A hands-on preview of the new Olympus PEN E-P3 compact system camera, accompanied by a gallery of images.
Successor to the PEN E-P2 which was introduced back in November 2009, the Olympus PEN E-P3 is the new flagship of the digital PEN fleet. Boasting a 35-point AF system that Olympus describes as the world’s fastest, the Olympus E-P3 also gains a pop-up flash, an AF assist light, a high-resolution OLED touchscreen, an upgraded accessory port, a redesigned user interface, a removable handgrip and a number of new Art Filters. In addition, the Olympus PEN E-P3 offers Full HD movie recording with manual exposure and gain control, and comes with a re-styled version of the M.Zuiko Digital 14-42mm f/3.5-5.6 Mark II lens. At the same time, the new camera retains many of the essential features of its predecessor, such as the Micro Four Thirds lens mount, retro-looking metal housing, full set of manual controls, in-body image stabilisation and small size.
At the heart of the Olympus PEN E-P3 is a new and improved twelve-megapixel Live MOS sensor whose low-light performance is claimed to be better than that of the imagers used in earlier Olympus Micro Four Thirds models. Additionally, this chip is capable of supplying video signals at double the speed of previous PEN sensors, making it a key component of the E-P3’s number one highlight: FAST AF.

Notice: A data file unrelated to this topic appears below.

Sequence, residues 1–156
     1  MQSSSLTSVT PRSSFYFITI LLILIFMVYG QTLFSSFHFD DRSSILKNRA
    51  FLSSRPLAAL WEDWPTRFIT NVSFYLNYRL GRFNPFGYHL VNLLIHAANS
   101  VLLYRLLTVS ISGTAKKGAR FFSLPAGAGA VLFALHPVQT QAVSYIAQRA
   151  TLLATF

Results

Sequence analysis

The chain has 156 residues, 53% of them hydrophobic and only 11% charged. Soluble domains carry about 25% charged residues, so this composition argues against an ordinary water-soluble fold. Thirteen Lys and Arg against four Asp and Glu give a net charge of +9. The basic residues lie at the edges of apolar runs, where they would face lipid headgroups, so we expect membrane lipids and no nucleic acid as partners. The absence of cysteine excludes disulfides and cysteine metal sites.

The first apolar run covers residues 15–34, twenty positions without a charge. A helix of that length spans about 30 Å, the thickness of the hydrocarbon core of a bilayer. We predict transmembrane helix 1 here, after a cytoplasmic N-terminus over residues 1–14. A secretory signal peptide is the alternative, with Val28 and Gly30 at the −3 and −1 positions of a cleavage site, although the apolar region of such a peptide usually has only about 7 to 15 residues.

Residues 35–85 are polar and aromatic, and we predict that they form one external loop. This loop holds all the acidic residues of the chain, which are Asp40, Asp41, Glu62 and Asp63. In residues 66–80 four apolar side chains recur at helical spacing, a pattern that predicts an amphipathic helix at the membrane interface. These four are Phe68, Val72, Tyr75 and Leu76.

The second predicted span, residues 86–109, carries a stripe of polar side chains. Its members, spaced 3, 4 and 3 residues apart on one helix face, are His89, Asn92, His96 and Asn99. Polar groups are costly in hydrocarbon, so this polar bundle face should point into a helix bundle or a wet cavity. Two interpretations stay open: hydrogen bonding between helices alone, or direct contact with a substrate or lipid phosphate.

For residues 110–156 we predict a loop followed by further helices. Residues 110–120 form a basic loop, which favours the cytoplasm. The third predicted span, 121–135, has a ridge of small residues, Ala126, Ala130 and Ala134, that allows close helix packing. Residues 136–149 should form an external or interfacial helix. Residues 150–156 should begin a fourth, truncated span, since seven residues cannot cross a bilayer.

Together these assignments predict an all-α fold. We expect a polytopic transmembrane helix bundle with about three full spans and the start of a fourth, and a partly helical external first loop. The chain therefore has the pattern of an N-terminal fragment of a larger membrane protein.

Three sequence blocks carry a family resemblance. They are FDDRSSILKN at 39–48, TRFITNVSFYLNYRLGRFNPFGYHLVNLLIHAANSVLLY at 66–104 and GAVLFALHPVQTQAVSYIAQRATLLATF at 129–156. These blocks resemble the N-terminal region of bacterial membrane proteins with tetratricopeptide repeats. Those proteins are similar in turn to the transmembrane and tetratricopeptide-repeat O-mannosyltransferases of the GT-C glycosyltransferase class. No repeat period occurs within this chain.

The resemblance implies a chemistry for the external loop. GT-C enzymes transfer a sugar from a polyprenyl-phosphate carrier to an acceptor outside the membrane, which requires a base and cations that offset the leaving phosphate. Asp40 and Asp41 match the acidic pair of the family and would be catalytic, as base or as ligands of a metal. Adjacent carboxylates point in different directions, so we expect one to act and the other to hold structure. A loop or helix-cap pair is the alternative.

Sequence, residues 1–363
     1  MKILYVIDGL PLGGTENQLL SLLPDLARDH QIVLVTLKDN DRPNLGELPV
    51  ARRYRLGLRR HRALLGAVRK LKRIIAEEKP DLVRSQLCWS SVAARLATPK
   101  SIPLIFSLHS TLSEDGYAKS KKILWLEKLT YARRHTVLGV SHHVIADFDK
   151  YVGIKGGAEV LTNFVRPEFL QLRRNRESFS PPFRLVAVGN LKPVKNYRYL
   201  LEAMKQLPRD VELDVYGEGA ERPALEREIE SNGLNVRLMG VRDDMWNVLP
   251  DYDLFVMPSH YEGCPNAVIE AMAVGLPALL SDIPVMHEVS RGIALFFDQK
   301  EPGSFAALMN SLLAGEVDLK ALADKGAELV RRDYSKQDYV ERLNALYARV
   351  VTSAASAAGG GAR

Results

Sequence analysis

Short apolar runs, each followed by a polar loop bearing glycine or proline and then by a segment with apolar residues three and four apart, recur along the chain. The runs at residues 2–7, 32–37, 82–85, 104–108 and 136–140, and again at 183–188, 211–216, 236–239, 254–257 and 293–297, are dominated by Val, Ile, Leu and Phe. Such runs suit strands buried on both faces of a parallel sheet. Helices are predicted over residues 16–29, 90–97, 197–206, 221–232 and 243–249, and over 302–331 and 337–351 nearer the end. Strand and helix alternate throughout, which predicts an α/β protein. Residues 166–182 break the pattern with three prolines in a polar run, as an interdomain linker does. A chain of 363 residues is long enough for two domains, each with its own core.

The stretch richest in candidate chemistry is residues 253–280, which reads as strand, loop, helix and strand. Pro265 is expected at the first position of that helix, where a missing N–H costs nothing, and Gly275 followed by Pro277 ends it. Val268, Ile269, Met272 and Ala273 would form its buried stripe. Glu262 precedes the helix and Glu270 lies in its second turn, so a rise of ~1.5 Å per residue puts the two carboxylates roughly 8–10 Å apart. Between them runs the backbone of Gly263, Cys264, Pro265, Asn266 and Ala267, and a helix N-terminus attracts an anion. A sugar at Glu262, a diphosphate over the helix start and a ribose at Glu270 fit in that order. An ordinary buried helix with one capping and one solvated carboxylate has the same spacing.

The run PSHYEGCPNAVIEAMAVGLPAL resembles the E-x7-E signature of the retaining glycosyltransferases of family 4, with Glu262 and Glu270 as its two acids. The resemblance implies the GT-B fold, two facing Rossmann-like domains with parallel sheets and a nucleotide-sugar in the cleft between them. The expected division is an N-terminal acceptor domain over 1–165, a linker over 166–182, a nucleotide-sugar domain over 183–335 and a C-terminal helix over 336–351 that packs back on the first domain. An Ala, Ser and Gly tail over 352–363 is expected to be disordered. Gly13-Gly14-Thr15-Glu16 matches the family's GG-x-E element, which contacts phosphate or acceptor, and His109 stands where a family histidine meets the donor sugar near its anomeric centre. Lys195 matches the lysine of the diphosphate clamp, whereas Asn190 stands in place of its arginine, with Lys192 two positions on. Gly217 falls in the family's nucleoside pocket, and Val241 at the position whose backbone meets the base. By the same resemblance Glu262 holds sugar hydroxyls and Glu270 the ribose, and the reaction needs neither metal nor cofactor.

The Four Thirds sized sensor and the Micro Four Thirds lens mount of the Olympus E-P3
FAST AF (Frequency Acceleration Sensor Technology Autofocus) is described by Olympus as a “breakthrough in autofocus technology”. Fed by the new Live MOS sensor, this extremely speedy contrast-detect AF system also benefits from more powerful arithmetic processing and the “Movie & Stills Compatible” (MSC) technology built into the newer M.Zuiko Digital lenses. In actual use, we have found it to be blazingly fast indeed - while we haven’t got the means to verify or refute the “world’s fastest” claim, we can confidently say the E-P3’s autofocus is at least as fast as that of the Panasonic GH2/G3/GF3, quite possibly faster. In good light, we have found focus acquisition to be essentially instant, and there’s no shutter lag to speak of, either. In fact when using the E-P3’s Touch Shutter feature, we found that the camera basically took a picture the instant we touched the screen, with the subject in sharp focus. In low light the AF was still very fast while in near-darkness focus acquisition depended on whether the subject was within the range of the built-in AF assist light. The only time we experienced problems with focus lock was when we tried to focus on an almost featureless subject - but to be fair, that’s an extremely difficult task for any AF system.